3 out of 4 stars
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In Dear Thailand: A Love Story, Diane de Simone writes a series of letters to Thailand. In writing to her adopted country, we learn about the life of the author and why she is captivated by Thailand. She first visits the country shortly after deaths of her mother, brother and a close friend. Upon returning to America, she quickly decides to move to Thailand. She brings her father with her, as he has been devastated by the loss of his wife and son. In Thailand, she finds support for taking care of him in his last days and develops a compassion toward her father that she was unable to find while living in California. She also meets a woman named Naam Jai, who becomes her spiritual mentor. In the process of her journeying between the two countries, she evolves into a different spiritual being and eventually finds a new lifestyle that provides meaning to her.
While much of the narrative is about her personal experiences, the letters also contain a running commentary about the cultural difference between East and West. The author explores these differences through a number of societal themes, such as how we treat the elderly, how we approach death, why we are so tied to the consumerism of buying “stuff” and how we approach the stresses of our daily lives.
I really enjoyed reading this book, from a couple of different perspectives. It is one part spiritual pilgrimage and one part travelogue, documenting the beauty of Thailand and its people. It emotionally grabbed me from the first page and didn’t let go. In some ways, it reminded me of Eat, Pray, Love by Liz Gilbert. Even though the author seems to have a vastly different background than mine, I felt a strong simpatico with her thoughts and feelings. I often smiled at her references. Here is one example: “In the middle of being surrounded by death I grokked I’d been following old and well-worn cultural lines for decades, and had not consciously questioned any of my steps.” For those of you who are not familiar with the term “grok,” I refer you one of my favorite books, Stranger in a Strange Land, by Robert Heinlein.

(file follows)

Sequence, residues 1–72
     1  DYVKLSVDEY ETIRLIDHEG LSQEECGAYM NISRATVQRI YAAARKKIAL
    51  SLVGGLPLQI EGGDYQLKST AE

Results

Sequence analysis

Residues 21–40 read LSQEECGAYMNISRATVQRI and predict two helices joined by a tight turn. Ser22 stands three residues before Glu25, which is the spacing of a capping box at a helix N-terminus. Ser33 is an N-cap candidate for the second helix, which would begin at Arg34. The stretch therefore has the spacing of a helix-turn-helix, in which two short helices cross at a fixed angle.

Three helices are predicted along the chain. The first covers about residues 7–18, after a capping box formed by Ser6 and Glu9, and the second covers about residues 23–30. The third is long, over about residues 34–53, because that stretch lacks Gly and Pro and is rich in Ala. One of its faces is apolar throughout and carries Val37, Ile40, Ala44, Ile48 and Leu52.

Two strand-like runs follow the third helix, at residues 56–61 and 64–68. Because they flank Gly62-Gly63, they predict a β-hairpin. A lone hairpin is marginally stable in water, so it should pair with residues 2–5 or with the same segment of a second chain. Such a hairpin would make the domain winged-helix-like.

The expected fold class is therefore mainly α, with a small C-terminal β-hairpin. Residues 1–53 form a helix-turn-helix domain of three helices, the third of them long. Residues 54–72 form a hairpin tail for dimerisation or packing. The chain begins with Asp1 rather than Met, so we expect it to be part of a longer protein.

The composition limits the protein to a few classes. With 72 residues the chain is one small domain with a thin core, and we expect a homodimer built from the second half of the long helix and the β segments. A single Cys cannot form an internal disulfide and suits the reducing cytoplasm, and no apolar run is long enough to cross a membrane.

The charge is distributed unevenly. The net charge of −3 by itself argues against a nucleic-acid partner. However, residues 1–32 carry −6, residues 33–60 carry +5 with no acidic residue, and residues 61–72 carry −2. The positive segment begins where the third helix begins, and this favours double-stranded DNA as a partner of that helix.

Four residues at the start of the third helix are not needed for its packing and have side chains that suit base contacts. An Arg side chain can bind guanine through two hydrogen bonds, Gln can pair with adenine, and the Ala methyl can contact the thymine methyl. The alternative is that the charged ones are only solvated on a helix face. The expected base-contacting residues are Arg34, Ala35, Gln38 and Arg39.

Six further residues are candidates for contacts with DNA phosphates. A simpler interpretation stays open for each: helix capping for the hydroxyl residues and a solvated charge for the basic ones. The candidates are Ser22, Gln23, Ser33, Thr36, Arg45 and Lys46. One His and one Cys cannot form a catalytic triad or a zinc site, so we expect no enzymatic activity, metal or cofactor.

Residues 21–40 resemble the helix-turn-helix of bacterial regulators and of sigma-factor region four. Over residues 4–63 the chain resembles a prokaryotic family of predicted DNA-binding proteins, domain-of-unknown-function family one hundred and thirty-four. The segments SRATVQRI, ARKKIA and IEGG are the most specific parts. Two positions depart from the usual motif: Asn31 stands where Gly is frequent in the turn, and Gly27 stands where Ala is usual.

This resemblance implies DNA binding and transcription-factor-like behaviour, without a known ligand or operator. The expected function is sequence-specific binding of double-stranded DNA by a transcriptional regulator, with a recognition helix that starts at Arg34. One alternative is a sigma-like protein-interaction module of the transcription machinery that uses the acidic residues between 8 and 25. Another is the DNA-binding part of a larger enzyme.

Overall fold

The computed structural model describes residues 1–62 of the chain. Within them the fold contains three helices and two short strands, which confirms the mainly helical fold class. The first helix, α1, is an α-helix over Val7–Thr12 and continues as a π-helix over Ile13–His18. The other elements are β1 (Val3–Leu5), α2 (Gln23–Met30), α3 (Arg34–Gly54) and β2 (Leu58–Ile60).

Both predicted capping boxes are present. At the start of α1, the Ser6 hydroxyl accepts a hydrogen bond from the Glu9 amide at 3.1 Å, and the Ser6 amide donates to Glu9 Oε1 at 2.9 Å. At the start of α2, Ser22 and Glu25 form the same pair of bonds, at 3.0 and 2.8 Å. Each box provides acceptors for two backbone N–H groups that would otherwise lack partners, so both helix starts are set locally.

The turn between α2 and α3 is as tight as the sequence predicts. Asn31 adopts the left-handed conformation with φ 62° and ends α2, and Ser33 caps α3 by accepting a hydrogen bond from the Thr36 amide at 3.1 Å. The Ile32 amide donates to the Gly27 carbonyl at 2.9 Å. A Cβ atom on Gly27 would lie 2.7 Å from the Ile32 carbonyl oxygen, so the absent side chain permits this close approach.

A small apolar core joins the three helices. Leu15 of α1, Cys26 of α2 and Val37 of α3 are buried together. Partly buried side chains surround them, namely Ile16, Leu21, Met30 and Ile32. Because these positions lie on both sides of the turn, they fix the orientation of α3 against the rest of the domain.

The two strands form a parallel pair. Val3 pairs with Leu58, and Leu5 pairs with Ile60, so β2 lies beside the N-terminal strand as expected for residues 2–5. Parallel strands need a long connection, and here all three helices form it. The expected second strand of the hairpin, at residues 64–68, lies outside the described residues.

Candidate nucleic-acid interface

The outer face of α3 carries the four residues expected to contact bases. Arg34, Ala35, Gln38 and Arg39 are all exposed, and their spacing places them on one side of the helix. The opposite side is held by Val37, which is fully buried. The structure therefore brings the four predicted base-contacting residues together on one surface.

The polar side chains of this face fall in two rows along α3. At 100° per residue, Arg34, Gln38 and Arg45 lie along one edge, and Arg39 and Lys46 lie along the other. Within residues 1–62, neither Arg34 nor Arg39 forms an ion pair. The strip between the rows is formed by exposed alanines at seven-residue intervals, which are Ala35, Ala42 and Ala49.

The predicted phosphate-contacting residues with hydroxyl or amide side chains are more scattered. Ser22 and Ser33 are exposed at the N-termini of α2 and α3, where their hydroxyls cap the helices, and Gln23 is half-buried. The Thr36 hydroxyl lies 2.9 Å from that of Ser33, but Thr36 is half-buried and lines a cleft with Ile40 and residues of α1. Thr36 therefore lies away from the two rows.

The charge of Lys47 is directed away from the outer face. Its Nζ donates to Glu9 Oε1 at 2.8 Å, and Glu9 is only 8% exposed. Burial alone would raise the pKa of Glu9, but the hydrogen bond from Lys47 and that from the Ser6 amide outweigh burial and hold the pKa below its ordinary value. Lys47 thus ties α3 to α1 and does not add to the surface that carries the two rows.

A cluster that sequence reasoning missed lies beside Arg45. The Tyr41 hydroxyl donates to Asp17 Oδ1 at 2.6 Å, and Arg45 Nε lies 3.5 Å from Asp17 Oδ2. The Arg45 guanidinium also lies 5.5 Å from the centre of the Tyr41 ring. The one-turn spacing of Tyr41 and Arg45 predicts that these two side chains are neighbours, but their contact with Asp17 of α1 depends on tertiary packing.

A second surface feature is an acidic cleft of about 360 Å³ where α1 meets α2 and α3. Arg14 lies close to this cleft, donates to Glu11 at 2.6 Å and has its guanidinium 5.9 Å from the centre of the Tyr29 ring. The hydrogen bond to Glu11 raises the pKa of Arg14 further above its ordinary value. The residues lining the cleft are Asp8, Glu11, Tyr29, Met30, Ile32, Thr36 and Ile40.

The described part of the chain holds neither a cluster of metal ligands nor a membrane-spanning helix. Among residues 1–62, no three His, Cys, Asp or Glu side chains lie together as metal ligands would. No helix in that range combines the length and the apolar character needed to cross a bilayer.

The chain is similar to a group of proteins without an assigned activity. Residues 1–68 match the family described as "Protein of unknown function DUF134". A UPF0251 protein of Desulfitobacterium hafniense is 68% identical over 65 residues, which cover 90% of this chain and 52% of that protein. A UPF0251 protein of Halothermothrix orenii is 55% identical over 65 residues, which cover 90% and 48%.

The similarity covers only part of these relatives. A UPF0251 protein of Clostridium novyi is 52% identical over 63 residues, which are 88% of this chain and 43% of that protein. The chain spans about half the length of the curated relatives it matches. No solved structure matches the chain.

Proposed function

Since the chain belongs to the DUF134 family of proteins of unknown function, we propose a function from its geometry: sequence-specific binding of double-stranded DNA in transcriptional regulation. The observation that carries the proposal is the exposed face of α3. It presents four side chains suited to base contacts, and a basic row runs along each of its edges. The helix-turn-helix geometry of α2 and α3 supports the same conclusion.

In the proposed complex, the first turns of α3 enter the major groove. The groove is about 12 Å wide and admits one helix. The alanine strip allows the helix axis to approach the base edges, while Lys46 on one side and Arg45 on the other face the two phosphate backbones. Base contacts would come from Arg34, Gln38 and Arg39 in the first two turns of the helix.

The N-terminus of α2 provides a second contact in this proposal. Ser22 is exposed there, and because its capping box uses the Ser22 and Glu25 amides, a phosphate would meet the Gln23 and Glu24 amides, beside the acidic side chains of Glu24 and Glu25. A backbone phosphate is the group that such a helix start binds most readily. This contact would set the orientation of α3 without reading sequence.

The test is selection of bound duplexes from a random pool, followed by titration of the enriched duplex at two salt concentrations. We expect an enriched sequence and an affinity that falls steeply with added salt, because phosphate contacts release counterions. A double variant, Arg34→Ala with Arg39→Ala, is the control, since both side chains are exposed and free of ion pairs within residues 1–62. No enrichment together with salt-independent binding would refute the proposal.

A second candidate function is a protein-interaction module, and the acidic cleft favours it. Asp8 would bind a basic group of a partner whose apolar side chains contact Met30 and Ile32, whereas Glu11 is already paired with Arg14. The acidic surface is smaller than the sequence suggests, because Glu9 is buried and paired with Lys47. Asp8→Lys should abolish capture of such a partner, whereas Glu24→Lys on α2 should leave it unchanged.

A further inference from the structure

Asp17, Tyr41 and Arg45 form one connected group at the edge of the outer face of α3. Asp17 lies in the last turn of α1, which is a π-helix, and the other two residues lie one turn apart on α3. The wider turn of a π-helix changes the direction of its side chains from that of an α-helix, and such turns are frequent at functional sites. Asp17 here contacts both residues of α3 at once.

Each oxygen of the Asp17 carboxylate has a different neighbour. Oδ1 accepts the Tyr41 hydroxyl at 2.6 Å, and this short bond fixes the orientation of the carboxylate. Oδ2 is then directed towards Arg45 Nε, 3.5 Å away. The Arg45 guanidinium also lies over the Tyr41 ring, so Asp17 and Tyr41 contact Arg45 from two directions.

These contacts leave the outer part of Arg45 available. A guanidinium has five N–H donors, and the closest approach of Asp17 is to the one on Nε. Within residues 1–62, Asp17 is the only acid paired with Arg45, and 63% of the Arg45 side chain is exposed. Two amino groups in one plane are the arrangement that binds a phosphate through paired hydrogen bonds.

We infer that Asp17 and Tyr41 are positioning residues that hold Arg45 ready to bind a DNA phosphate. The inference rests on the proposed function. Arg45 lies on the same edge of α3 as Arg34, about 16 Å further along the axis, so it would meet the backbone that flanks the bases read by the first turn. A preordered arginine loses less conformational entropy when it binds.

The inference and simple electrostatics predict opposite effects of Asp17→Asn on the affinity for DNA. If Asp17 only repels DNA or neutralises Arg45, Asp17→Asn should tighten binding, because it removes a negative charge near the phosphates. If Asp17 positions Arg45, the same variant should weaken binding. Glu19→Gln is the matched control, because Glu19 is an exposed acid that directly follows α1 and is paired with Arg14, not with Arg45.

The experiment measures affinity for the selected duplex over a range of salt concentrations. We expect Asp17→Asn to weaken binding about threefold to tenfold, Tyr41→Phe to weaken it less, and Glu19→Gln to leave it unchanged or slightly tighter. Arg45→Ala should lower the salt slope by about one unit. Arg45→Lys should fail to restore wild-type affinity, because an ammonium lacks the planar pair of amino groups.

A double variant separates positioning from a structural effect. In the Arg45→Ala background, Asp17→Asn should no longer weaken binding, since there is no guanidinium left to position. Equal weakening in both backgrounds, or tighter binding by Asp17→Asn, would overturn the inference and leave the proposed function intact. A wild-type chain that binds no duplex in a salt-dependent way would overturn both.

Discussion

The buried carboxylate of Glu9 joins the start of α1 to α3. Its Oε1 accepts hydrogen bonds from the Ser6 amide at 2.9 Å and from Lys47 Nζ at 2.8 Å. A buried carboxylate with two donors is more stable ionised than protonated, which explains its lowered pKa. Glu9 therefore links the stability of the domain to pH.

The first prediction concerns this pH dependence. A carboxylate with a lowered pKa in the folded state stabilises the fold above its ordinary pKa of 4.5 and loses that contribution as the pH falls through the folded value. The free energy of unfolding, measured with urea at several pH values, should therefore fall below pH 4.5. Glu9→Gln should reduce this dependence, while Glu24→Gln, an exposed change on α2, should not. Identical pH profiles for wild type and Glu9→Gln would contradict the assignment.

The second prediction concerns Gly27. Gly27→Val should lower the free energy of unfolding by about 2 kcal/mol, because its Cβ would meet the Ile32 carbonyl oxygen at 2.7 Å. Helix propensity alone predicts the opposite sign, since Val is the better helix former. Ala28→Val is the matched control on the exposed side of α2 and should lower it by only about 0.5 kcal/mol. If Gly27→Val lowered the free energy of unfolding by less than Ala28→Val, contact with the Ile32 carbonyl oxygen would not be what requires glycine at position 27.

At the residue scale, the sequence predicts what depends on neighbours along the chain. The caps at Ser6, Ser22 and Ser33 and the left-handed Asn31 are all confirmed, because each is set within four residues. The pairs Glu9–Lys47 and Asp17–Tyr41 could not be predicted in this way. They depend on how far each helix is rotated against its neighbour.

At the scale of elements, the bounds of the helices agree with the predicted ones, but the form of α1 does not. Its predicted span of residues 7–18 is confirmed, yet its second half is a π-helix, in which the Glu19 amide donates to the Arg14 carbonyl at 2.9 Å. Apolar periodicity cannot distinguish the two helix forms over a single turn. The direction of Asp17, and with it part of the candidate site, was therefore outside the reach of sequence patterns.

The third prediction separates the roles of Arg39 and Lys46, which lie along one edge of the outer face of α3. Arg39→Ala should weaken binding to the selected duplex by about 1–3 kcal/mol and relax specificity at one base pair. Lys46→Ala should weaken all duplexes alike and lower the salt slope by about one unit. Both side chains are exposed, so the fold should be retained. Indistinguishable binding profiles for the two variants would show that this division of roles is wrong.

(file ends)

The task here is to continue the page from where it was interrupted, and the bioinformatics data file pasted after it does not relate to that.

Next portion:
The one thing I wish could be improved is the overall pace of the book. It often has a “breathless” feel that I think is primarily attributable to a preponderance of run-on sentences. So much is packed into each sentence that I had to read many of them a couple of times, in order to fully understand the individual ideas being conveyed. There are also some occurrences of awkward phrasing or the use of an incorrect word. The opening sentence is an example: “When I walked out of the plane into the vaulted spaces of your internationally acclaimed Suvarnabhumi airport at the end of the first decade of the third millennium on my first one month visit with you, I was wobbly and jet-lagged and yet zinging with a feeling of arriving somewhere absolutely foreign and also strangely familiar and also comforting.”
I so thoroughly enjoyed the book’s content that I really wanted to give it four stars. Because of the pace of the narrative, however, I reluctantly felt that I had to reduce the rating by one star. Therefore, I rate Dear Thailand 3 out of 4 stars. I would not recommend if you think that Western culture is unquestionably superior to others, as this book would likely clash with your beliefs. I would enthusiastically recommend it to those who enjoy learning about foreign cultures and those who are interested in the spiritual journey of others. Reading the author’s story will encourage you to escape, for a day or perhaps a lifetime, from the crazy, unsatisfying life that many of us lead.
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